With both disk and tape backup target markets stagnating, Quantum is counting on its StorNext platform for growth.
Quantum’s “scale-out storage” – StorNext file system and Lattus object storage appliances and software – increased 41 percent over last year to $18.1 million last quarter while Quantum’s total revenue of $128.1 million dropped four percent (that decline does not count a $15 million one-time royalty payment last year).
The StorNext revenue was the same as DXi disk backup appliance revenue for the quarter, and it wasn’t that long ago that DXi was considered Quantum’s best chance for rapid growth.
StorNext revenue includes part of a $3 million-plus deal with what Quantum CEO Jon Gacek called a “leading consumer electronics company” for StorNext and Lattus products for managing video workflows. Approximately half of that revenue was recognized last quarter.
Quantum added 75 new StorNext and Lattus customers. It is going after media and entertainment companies, and Gacek said it landed a $200,000-plus deal at a major studio, an international broadcaster and a follow-up sale with a TV shopping network in the quarter. Quantum is also looking to replace aging Apple Xsan systems with its StorNext Pro high performance systems for post-production studios and small broadcasters.
Quantum also increased the number of partners selling StorNext by 12 percent since last year.
The amount of time Gacek spent talking about StorNext during the Wednesday earnings call was disproportionate to its overall contribution to the company, he admitted in an interview afterwards. But he said StorNext is the Quantum platform clearly on the rise.
“Tape is still the biggest part of our business, so I get in trouble internally when I do that [talk up StorNext],” he said. “But in the world of software, cloud and unique value, StorNext is where we have the most differentiation and overall growth.”
Gacek said the StorNext 5 release that pumped up the software’s performance and scalability has been a big boost. Quantum is also looking to capitalize on the emergence of object storage, which it sells through an OEM partnership with Amplidata on its Lattus appliances.
Video storage is a big use case for StorNext and Lattus. Gacek said Quantum previously sold to all major sports leagues, and now is looking to expand to the individual teams as they use more video for scouting and in-game entertainment.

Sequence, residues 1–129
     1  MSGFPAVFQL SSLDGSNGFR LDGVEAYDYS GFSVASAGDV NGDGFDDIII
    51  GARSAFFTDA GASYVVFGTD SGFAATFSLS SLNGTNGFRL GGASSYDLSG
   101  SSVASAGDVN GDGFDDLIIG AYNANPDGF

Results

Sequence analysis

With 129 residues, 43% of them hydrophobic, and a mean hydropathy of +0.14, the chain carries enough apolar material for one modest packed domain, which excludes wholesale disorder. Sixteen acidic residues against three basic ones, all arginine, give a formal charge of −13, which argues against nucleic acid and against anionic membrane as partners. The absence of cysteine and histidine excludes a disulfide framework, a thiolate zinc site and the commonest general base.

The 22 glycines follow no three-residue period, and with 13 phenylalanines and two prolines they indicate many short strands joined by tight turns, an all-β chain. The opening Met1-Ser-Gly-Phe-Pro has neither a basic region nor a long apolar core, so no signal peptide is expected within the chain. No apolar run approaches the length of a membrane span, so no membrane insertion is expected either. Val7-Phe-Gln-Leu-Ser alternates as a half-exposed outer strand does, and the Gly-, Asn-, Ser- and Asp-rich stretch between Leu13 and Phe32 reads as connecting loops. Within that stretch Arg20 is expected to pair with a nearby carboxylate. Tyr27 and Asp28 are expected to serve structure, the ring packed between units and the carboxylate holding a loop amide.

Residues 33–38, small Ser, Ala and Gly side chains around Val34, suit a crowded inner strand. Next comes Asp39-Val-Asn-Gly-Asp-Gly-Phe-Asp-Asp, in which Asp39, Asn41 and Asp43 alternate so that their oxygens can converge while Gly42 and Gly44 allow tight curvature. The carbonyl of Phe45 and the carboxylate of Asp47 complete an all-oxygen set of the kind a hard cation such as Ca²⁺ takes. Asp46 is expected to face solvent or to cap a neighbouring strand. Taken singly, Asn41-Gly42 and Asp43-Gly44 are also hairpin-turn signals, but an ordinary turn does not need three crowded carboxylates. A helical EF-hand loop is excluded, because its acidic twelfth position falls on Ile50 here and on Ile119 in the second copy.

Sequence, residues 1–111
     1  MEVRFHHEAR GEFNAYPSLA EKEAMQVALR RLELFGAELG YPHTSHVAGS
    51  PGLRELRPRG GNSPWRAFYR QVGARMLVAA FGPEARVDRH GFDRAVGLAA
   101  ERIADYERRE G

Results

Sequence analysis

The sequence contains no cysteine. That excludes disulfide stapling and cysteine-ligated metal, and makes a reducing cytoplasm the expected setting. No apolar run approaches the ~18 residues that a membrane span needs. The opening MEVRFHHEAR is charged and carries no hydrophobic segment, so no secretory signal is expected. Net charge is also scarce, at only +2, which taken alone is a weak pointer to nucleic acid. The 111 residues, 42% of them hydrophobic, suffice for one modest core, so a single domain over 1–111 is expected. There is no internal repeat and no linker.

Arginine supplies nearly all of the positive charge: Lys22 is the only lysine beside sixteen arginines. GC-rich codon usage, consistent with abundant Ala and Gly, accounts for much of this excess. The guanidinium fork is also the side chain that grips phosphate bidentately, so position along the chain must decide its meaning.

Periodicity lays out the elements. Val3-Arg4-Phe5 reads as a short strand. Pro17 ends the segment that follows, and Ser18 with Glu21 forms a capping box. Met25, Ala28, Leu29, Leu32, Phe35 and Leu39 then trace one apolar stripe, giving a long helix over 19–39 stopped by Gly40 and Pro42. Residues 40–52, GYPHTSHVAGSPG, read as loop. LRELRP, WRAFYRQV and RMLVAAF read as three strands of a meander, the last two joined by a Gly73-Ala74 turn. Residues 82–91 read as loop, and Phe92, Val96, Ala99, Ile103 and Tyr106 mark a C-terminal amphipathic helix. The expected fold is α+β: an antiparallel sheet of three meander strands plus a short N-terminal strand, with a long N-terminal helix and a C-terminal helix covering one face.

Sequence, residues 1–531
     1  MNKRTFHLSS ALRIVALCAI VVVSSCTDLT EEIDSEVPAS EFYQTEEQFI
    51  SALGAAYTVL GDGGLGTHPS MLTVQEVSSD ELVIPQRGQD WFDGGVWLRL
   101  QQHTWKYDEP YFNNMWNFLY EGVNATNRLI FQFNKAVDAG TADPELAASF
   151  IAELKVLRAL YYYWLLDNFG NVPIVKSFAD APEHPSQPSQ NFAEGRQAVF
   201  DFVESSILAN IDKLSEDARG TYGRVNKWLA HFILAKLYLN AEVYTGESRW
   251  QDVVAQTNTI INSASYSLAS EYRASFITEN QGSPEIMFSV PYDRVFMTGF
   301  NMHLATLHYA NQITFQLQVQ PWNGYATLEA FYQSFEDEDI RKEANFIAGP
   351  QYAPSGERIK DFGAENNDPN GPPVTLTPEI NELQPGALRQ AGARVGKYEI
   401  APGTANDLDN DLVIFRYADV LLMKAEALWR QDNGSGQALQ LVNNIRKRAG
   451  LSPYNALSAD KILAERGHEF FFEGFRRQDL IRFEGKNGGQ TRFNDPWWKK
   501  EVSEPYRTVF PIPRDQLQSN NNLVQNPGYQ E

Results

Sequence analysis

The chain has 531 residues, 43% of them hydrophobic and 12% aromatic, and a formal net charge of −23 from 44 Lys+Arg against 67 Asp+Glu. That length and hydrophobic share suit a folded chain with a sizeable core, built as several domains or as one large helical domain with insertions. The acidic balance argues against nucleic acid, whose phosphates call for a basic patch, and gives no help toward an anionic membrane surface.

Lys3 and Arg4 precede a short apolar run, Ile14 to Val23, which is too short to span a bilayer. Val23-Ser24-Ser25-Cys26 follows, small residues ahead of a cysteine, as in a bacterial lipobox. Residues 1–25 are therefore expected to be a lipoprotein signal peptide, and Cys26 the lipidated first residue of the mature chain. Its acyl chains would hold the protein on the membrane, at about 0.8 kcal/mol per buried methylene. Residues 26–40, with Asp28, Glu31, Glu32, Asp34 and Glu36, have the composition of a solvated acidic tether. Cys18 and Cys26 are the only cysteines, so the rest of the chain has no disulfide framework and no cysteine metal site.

Quantum added around 90 new DXi customers in the quarter, and Gacek said it won close to 55 percent of its deals with the disk backup appliance. He hopes DXi will get a boost from the DXi6900 launched this week. The 6900 is built on StorNext 5 software and scales from 17 TB to 510 TB.
“We said we’re going to grow at the same rate as the market,” Gacek said of DXi. According to IDC’s latest purpose built backup appliance tracker, that market decreased by 2.5 percent in the first quarter of 2014 although the research firm predicts it will return to growth.
As for its bread and butter, Quantum’s branded tape automation revenue dropped nine percent and OEM tape automation – sold through partnerships with vendors including Dell, Hewlett-Packard and IBM – fell 24 percent from last year. Gacek said the branded business probably gained share despite the decline, but OEM revenue – a minority of Quantum’s tape business – has been a sore spot.
“The OEM business was not up to expectation,” Gacek said. “That has been our weakest part over the last couple of quarters. Branded business will be our share grabber.”
Quantum’s $128.1 million total revenue was above the midway point of its guidance. It projected revenue of $130 million to $135 million this quarter.